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Employment in Amherst office and industrial parks could increase by more than 4,000 jobs over two years as 116 companies eye expansions, the Amherst Industrial Development Agency announced Friday.

But the survey of more than 400 tenants in the 16 commercial parks also found that many companies are having a tough time finding machinists, network administrators, programmers and other technicians.

Overall employment in the business parks increased by 3.6 percent in 1998, the smallest increase in four years, according to the survey. The 585 companies that lease space employ 25,692, an increase of 895 jobs over the previous year. The number of tenants actually dropped by 2 percent since 1997 as 110 companies moved to other locations, merged or went out of business.

However, 97 new companies with 1,486 employees moved into the office parks, more than offsetting the job losses.

More employees live in Amherst and Buffalo, with the number of workers commuting from other Erie County suburbs dropping by 15 percent over the past two years. Economic planners said this could be an indication that more people are moving closer to their job sites.

Nearly one out of every three workers in the commercial parks live in Amherst, an 8 percent increase since 1996. The number of Buffalo residents employed in the parks increased by 5 percent to 21 percent over the same period. The survey found that 19 percent of all workers live outside Erie County.

James J. Allen, the agency's executive director, said one of the most telling statistics is that employment in the 16 commercial parks has increased by nearly 107 percent since 1991 when there were 12,437 employees. He said during the same time period, overall job growth in the Buffalo region was under 2 percent.

"Our growth pattern is phenomenal in light of the fact that our region hasn't been growing. If we could only find a way to get the region to grow in the same way," Allen told board members.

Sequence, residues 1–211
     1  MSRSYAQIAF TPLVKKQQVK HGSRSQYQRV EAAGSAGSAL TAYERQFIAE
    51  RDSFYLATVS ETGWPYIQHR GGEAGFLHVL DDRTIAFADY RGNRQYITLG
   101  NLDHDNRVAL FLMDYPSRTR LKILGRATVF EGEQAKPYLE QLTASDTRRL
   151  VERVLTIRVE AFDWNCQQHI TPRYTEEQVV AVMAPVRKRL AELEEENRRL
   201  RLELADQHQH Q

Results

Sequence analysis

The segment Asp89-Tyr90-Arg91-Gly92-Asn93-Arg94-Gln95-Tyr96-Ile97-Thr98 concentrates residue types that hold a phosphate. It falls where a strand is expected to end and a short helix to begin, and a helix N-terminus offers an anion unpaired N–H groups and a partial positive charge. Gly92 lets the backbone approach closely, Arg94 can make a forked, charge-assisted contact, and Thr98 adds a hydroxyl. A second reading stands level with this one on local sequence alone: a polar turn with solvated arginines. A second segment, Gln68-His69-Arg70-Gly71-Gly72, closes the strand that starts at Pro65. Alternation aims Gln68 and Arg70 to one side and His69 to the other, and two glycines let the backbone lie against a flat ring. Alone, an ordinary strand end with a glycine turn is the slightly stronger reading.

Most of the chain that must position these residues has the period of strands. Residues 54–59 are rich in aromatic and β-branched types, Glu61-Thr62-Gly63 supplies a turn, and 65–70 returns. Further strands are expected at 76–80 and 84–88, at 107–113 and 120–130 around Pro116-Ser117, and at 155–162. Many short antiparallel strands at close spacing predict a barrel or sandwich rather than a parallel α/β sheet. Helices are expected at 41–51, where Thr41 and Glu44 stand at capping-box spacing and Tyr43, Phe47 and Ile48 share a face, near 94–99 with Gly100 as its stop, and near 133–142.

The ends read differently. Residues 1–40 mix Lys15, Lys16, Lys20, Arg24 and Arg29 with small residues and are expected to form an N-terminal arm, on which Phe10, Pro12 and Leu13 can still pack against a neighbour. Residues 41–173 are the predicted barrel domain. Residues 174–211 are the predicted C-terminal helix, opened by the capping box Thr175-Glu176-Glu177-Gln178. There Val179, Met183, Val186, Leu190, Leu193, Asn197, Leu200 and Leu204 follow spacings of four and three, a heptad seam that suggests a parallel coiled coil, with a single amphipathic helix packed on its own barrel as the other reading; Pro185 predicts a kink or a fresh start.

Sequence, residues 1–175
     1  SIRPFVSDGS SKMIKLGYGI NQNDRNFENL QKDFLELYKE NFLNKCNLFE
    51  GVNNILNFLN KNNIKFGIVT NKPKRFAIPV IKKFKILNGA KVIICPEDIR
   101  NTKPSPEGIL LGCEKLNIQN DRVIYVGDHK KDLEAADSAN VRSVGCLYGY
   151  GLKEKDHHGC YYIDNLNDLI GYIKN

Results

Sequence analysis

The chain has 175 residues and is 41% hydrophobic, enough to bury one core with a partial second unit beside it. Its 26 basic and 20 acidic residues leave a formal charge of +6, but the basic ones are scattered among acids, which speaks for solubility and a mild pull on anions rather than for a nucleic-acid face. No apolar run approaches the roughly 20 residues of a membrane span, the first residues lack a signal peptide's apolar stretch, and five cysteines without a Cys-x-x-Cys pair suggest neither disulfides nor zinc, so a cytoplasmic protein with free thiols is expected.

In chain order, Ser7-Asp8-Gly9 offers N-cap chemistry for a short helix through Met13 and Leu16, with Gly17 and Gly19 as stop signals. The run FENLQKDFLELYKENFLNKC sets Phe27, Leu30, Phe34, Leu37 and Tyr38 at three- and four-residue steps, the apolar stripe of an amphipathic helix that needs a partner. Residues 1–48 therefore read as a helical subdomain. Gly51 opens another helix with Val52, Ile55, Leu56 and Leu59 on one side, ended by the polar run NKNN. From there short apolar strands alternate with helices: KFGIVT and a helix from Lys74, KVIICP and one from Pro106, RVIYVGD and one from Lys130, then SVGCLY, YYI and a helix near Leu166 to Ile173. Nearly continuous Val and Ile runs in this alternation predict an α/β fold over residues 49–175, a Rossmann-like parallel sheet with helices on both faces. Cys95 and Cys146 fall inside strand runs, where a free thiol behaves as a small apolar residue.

About 38 percent of the responding companies said they are having difficulties filling technical positions, jobs that compromise nearly 40 percent of all employment in the business and industrial parks. Seventy-six companies forecast the need for 322 new technical employees within two years, with more than a third of the businesses expecting to encounter recruitment problems. The survey mirrors earlier studies that underscored the need for improved job-training initiatives.

"The machine tool industry in particular is having a very difficult time finding people. We really need to work on this in the future," Allen said.

But agency members said they're pleased to hear that 116 companies are planning expansions and anticipate needing an additional 825,190 square feet within two years. They think the projections are clear indicators that the town's business and industrial parks will continue to grow.

James F. Dentinger, vice president of Ciminelli Development Co. Inc., agreed with the upbeat forecast. He announced Friday that PaineWebber will become the first tenant in Ciminelli's Village Park Building I at 6380 Main St. Dentinger said the national securities firm is opening its first Amherst branch office and will employ nine people. The payroll is expected to increase to 18 within two years.

Dentinger said the commercial parks' flexible space and potential for expansion are attractive incentives to growing businesses.

"When companies can't expand in one place, they could be tempted to move out of the region. The availability of real estate can be a big issue," he said.

In related developments, the Industrial Development Agency board approved tax incentives to the Williamsville-based Zaepfel Development Co. Inc. to build two new buildings in the Northpointe Parkway between North French and Sweet Home roads. The multi-tenant office, warehouse and distribution facilities will cost $2.6 million to build and will have 56,000 square feet of space.

Zaepfel Development will receive $380,664 in property tax breaks over 10 years, will save $88,000 in sales taxes and $23,170 in mortgage recording taxes. Agency officials estimated that the new buildings will create or retain 202 jobs, but board member James Cullinan questioned the figures. He said the agency's practice of combining job retentions and new positions into one reporting line is misleading.

"I think the numbers here are wishful thinking -- merely smoke and mirrors," Cullinan said.

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